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Re: Create the reverse complement (OT: meaning / use of "reverse complement")

by ww (Bishop)
on Feb 19, 2014 at 16:55 UTC ( #1075492=note: print w/ replies, xml ) Need Help??


in reply to Create the reverse complement DNA sequence without pattern matching and reverse built-in function?

Could some kind soul explain how "reverse complement" works? Is is not the same as "reverse? -- ie, is NOT one word or the other redundant?
Update: Has been explained! See below and the replies from BrowserUK and kcott

And if that's a bit fuzzy around the edges (yeah, it is, IMO), code to illustrate why I'm puzzled with OP's use of the phrase "reverse complement" and its adoption by others:

#!/usr/bin/perl use 5.016; use warnings; # 1075463 my $seq="ACGGGAGGACGGGAAAATTACTACGGCATTAGC"; say "Initial \$seq is: $seq"; say "Reverse sequence is: " . reverse($seq); my @seq = split(/\b/, $seq); my $comp; while (@seq) { $comp .= pop(@seq); } print "Complement is: $comp\n"; my $reverse = reverse($comp); print "Reverse complement is:$reverse\n"; =head OUTPUT: Initial $seq is: ACGGGAGGACGGGAAAATTACTACGGCATTAGC Reverse sequence is: CGATTACGGCATCATTAAAAGGGCAGGAGGGCA Complement is: ACGGGAGGACGGGAAAATTACTACGGCATTAGC # per OP's use, + I think Reverse complement is:CGATTACGGCATCATTAAAAGGGCAGGAGGGCA =cut

On-line dictionaries tend to mention the mathematics use only in geometric terms. Is my understanding that the OP's phrase would be better written and less ambiguous using just one of its two terms?

Update:

/me headslaps! Duh! Ignored the "double helix" fundamental! Thanks, obeisances and + +s to both BrowserUK and kcott.

Come, let us reason together: Spirit of the Monastery


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Re^2: Create the reverse complement (OT: meaning / use of "reverse complement")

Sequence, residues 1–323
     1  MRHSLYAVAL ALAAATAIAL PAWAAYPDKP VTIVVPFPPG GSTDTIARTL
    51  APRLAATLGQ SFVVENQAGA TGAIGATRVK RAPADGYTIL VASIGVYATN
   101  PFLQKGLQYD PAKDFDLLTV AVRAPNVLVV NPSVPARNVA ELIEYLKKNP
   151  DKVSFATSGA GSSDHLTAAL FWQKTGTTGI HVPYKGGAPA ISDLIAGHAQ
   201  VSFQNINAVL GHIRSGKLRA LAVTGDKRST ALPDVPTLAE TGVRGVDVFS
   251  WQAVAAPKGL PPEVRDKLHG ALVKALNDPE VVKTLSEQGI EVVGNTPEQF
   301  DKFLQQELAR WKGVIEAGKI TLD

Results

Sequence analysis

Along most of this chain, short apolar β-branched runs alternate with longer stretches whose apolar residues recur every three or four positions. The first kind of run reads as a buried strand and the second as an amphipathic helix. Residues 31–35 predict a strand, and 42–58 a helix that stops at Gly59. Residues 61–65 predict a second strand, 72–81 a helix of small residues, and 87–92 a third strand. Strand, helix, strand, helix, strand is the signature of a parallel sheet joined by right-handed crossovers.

by BrowserUk (Pope) on Feb 19, 2014 at 17:02 UTC

    Google shows that is a well established term in genomics.


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Re^2: Create the reverse complement (OT: meaning / use of "reverse complement")
by kcott (Abbot) on Feb 19, 2014 at 17:48 UTC

    I'll attempt to describe this without using any biological references (therefore, highly oversimplified).

    DNA is made up of long strands (sequences) of just four building blocks (given the initials A, C, G and T). Here's an example sequence:

    A | C | G | T | G

    The sequence here is ACGTG; the reverse sequence would be that read from the other end, i.e. GTGCA.

    DNA strands form pairs. Each of the building blocks pairs with only one of the other building blocks: A with T and C with G (and vice versa). Knowing the sequence of one strand, the complementary sequence is easily determined:

    A==T | | C==G | | G==C | | T==A | | G==C

    So, the complement of ACGTG is TGCAC; and the reverse complement is just that read from the other end, i.e. CACGT.

    As I said, that's highly oversimplified but hopefully is enough to explain the terms.

    -- Ken

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